Holding Joy and Pain Together

Life really is both sides now. It is happiness and sorrow, love and loss, triumph and setbacks all at once. 

I learned this lesson as a longtime cancer caregiver where every day was like being in the already and not yet, somewhere in-between remission and recurrence.  Any moment can move us from one side to the other.

May 21, 2001, began as the most joyous day of my life. That’s the day I became a mother. I had twins, a daughter we named Rebecca, and a son, Casey. More than anything, Brett and I hoped that the trauma of his cancer diagnosis and treatmentwould remain in the past. Not even the twins’ premature birth could dampen the excitement we felt for the future.

Later that day, Brett and I napped together in my twin hospital bed. We were in a groggy stupor when his cell phone rang.

“Hi, Dr. Balmaceda,” Brett said, as if he’d been struck by lightning.

He was silent. Dr. Balmaceda, his neuro-oncologist, had news about his recent MRI.

“What is it?” I yelled out to him.

I could tell that the doctor was making arrangements for more tests. The scan showed a tumor in Brett’s brain and at least one in his spine, as is common with medullas. Brett could barely look me in the eyes in the dawn of my motherhood.

I wrote about that tectonic-shifting moment in my book, From Both Sides Now: A True Story of Love, Loss and Bold Living.

My mind shut down. I can’t recall the immediate hysteria I must have felt, the betrayal, or the doubt that followed. Surely there was a mistake; the test should be redone. You were healthy, a father at last. Parenthood was our future—not cancer.

When I think back to this moment, when life collided with death, the abyss sucks me under. One moment we are on top of the mountain, having made the hard climb stronger and more whole. We stand appreciating the view until a vulture swoops down without warning and pushes us forward. We fall, and we keep falling.

My worst fear came true and it unraveled me. Never had I felt more vulnerable. For all my ability to manage competing demands in the past, I could barely return phone calls or pay bills. I wandered from room to room searching for my water glass, feeling frustrated and unhinged. In some ways, it was a blessing that the twins were infants because I could hold them without having to fish for the words or feelings. Never a talker, Brett was laser-focused on the task at hand—treatment. I went along with the plan because as long as we had concrete tasks to accomplish, we could still hope for a miracle.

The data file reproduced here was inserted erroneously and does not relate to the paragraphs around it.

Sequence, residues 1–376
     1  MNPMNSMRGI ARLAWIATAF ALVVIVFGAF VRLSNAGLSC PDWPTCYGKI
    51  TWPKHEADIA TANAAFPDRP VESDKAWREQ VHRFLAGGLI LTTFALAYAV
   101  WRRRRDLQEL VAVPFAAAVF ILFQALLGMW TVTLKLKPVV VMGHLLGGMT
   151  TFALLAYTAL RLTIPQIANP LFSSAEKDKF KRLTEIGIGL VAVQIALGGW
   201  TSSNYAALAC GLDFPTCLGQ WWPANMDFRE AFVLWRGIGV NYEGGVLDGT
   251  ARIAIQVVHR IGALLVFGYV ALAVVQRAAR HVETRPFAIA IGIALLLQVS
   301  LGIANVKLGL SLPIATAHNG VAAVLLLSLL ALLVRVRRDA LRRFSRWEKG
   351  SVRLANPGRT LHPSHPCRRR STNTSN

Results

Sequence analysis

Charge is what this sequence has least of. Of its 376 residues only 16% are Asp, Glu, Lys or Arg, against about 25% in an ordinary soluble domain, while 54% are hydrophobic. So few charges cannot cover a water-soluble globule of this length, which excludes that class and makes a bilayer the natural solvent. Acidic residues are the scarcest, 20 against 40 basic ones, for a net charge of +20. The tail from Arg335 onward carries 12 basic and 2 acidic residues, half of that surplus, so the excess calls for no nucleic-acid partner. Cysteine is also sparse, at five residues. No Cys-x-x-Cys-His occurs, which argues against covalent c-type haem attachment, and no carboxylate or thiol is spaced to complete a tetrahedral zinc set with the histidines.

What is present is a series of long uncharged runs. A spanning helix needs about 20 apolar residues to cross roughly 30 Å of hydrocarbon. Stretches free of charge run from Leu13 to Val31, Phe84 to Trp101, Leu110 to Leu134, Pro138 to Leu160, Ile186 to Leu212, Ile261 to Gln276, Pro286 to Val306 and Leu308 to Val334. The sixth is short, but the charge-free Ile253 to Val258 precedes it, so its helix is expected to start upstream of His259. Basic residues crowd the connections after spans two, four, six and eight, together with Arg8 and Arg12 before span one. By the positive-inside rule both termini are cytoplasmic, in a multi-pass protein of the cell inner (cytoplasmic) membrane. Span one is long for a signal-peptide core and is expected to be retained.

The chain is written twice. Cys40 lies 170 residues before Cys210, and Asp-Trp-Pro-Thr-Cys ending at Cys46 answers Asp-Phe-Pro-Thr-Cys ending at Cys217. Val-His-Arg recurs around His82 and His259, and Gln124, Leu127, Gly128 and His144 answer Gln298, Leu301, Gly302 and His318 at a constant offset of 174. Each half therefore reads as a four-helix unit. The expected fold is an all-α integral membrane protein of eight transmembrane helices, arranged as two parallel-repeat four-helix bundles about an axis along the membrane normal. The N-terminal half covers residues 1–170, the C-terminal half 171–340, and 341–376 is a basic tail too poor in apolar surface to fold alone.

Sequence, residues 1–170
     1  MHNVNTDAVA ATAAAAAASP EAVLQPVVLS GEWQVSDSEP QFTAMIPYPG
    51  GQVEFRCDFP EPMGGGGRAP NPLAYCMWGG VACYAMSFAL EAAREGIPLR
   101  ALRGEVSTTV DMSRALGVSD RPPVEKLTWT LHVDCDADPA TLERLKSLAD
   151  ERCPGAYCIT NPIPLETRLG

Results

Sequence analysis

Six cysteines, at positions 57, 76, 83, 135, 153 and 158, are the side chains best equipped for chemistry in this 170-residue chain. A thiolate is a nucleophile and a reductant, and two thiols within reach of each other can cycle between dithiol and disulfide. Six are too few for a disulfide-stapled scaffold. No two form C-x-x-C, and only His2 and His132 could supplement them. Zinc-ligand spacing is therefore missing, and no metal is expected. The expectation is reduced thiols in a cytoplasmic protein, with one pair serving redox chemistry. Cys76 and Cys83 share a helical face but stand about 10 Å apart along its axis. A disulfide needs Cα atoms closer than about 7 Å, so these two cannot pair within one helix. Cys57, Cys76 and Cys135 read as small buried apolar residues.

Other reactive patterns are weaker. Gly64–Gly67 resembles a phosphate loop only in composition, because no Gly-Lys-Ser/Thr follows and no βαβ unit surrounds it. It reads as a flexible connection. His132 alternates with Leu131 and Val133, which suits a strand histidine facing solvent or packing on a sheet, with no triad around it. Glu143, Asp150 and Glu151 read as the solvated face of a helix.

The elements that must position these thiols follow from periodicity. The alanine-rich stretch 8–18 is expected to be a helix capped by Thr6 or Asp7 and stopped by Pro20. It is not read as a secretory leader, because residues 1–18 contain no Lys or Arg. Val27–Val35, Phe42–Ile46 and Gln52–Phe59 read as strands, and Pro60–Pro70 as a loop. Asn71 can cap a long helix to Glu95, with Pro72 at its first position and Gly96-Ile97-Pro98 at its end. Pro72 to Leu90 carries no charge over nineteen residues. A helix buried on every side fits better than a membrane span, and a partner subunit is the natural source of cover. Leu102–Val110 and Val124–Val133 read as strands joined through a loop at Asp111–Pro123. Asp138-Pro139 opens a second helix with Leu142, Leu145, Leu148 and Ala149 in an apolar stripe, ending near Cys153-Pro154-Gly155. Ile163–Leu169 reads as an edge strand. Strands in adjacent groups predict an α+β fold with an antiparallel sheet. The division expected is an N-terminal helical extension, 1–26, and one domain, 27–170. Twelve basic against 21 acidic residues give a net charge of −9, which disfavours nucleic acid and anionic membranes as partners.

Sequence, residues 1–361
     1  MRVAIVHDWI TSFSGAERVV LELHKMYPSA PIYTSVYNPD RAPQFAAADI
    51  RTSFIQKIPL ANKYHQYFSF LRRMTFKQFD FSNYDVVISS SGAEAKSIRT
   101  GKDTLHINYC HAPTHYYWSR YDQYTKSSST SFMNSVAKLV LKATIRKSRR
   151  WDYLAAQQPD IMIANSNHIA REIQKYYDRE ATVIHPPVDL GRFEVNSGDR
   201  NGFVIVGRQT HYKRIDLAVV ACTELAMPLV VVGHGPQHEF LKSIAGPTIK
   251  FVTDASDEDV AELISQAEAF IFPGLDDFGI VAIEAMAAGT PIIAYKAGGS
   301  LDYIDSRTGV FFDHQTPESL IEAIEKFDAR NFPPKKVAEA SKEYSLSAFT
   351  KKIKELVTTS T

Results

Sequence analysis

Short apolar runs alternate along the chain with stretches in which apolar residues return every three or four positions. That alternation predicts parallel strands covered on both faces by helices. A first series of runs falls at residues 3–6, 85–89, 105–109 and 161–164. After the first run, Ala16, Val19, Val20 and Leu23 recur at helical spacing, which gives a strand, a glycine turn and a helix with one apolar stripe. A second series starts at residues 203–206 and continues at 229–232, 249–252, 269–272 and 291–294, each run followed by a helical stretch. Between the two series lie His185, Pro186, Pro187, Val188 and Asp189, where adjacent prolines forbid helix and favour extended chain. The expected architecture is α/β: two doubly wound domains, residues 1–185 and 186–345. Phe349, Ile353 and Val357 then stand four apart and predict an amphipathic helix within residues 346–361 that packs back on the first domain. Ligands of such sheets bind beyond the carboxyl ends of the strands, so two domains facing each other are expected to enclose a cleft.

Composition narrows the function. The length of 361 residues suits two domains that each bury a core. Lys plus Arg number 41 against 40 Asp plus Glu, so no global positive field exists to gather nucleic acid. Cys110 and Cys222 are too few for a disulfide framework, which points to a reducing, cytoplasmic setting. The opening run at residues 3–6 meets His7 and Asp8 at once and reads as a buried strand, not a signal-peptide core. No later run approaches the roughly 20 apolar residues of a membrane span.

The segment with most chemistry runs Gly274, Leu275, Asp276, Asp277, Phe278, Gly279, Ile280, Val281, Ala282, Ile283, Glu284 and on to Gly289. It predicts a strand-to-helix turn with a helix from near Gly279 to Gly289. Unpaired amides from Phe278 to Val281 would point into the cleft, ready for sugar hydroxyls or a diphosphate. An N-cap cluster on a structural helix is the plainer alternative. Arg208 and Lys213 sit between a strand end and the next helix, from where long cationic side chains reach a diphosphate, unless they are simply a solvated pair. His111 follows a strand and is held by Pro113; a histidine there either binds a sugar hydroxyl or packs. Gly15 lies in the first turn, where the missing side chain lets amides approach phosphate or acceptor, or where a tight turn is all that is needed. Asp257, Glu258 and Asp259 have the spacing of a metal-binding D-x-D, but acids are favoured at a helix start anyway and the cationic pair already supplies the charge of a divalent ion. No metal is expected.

As it happened, Rebecca and Casey remained at the hospital for six weeks under the ever-present care of the neonatal nurses. Brett, meanwhile, made the rounds at three different hospitals. Given the complexity of his case and the fact that there were no known protocols for adults with medullas, it was decided that Brett’s care plan shift to a pediatric oncologist. I spent my days going to various appointments with Brett and visiting the twins. It was a chaotic, disorienting time. Rebecca and Casey got stronger and healthier. Brett got sicker.

The question of cure was off the table. We were now dealing with Brett’s dim chance for survival. How long he had, no one could say.

To some, my story might feel extreme; I became a mother and learned that my husband’s cancer returned all on the same day. But sometimes in life we are challenged by joyful and sad events at once. This is especially true for cancer patients and caregivers since life seldom slows down while coping with an illness. Children reach new milestones. New career opportunities present themselves. Friends get married. Friends get divorced. Family members die.

There are no easy answers when dealing with a crisis. It took years for me to distill and integrate my hard experience into the frame of both sides now—a new way of seeing the world. Things would never feel certain and black and white again, just somewhere in-between. The “gray” of life became my new normal.

Note: This column originally appeared on the Cancer Support Community blog and is the fourth in a series on caregiving.

Nancy Sharp



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